If an Assembly bill that would effectively kill community choice aggregation passes the state Senate, it would be nearly impossible for Arcata to move forward with a project that would allow the city to choose where its electricity comes from, officials said.
Under community choice aggregation, Arcata could independently purchase or generate renewable electricity for residents, while Pacific Gas and Electric Co. would continue delivering power, and provide meter reading and billing.
Assembly Bill 2145 would defeat CCAs by changing them from “opt-out” to “opt-in” programs, Deputy Environmental Services Director Karen Diemer said. The bill is sponsored by Assemblyman Steven Bradford, D-Dominguez Hills, chairman of the Utilities and Commerce Committee.
The state Assembly recently passed the bill, according to the California Legislature. It is now before the Senate.
In a statement to the Times-Standard, North Coast Assemblyman Wesley Chesbro wrote he is against AB 2145 because of widespread opposition in his district.
“AB 2145 would make it extremely difficult to start a community choice program due to increased costs caused by a reduction in customer enrollment given the proposed opt-in requirement,” Chesbro wrote. “AB 2145 places an undue ‘opt in’ burden on community choice programs, which is not required for public and private utilities.”
Arcata councilman Michael Winkler, who is also an energy analyst for Redwood Energy, said current CCA law dictates that when a CCA group is set up, everyone within an existing jurisdiction is initially put into the CCA. The group is then required to send multiple notices to people with information on how to opt out if they don’t want to be a member and would rather stick with their existing utility. AB 2145 would reverse that.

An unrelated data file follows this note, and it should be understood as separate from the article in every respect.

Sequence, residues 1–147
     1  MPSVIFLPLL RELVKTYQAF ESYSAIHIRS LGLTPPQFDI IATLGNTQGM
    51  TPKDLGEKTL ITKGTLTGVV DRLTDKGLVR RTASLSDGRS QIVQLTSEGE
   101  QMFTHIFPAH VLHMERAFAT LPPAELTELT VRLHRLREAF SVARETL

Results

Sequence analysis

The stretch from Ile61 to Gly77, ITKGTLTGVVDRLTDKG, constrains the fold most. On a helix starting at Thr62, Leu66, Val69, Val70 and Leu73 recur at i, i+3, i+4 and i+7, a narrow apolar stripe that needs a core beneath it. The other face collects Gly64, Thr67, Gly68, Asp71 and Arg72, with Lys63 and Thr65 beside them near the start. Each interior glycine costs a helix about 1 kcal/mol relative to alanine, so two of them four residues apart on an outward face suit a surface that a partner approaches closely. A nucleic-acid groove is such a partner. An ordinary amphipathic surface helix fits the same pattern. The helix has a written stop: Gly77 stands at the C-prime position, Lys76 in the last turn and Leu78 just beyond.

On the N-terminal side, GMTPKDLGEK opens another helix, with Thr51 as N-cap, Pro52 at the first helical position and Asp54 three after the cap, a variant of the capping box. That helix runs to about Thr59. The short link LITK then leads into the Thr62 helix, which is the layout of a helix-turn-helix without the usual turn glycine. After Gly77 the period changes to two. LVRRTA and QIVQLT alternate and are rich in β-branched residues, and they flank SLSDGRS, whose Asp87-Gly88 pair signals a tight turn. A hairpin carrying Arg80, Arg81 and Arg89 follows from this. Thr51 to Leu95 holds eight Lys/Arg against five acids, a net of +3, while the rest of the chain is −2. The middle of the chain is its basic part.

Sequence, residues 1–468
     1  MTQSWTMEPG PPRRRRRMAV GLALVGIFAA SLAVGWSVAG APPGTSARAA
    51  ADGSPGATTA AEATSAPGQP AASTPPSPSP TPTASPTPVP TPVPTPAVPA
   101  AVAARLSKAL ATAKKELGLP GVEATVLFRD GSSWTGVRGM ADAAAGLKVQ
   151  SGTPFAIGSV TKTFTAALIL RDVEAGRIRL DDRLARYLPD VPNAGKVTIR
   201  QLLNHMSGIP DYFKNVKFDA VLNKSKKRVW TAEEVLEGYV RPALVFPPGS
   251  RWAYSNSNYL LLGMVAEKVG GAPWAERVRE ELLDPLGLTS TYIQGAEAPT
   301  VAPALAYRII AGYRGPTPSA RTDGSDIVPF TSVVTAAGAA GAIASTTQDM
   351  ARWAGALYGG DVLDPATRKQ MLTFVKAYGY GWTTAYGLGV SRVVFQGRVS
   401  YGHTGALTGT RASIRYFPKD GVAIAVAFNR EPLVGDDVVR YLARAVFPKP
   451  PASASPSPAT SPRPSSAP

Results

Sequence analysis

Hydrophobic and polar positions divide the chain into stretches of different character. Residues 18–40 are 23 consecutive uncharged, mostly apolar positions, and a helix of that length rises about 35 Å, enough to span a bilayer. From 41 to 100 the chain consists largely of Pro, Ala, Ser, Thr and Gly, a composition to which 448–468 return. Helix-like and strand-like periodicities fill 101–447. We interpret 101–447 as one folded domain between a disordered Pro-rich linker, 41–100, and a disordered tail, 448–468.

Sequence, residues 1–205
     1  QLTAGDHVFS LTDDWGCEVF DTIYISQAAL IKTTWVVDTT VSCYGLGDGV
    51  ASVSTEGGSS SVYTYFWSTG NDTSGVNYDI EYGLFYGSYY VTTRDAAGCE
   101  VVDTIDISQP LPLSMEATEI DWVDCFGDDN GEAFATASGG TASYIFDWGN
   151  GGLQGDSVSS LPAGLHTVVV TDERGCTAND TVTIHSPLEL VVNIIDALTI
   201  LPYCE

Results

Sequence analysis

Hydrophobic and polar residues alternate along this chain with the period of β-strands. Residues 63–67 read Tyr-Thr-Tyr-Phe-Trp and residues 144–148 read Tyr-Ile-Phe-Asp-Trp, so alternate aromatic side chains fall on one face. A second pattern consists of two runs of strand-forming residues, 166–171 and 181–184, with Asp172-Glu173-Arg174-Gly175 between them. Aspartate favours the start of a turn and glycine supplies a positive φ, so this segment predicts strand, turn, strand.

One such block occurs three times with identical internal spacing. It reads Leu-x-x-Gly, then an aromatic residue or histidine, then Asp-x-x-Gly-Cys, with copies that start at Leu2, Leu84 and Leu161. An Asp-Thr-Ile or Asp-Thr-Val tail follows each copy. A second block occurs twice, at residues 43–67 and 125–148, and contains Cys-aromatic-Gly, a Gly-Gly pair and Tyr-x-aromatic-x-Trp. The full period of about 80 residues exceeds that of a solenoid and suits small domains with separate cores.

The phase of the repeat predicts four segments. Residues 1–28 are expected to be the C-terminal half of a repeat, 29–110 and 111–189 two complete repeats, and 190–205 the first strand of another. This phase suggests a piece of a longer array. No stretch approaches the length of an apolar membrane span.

“Past experience with community choice aggregation or any types of alternative energy suppliers has shown that typically no more than 10 percent of the people will sign up for the alternative,” Winkler said. “For a community choice aggregation effort to be viable, and for a financial institution to be willing to finance it, they have to know there’s going to be a large block of subscribers in that group. … A 10 percent sign-up group wouldn’t even be viable.”
Arcata staff have drafted a letter of opposition for the city council to consider at the June 18 council meeting.
“What we want is for communities and individuals to be able to choose their own electricity source, and not have it dictated to us by the investor-owned utilities such as PG&E,” Winkler said.
CCAs were created by 2002 legislation. PG&E poured $46 million into a 2010 ballot measure to curtail them, but was roundly defeated.
Arcata staff are continuing to research CCAs, Diemer said. The Energy Committee has recommended to staff that if the bill doesn’t move forward, the issue should be brought before the council with the recommendation that the city actively pursue a CCA membership with Sonoma Clean Power. The committee is also supportive of joining Marin County, which already has its own energy authority.
The Santa Cruz Sentinel contributed to this report.
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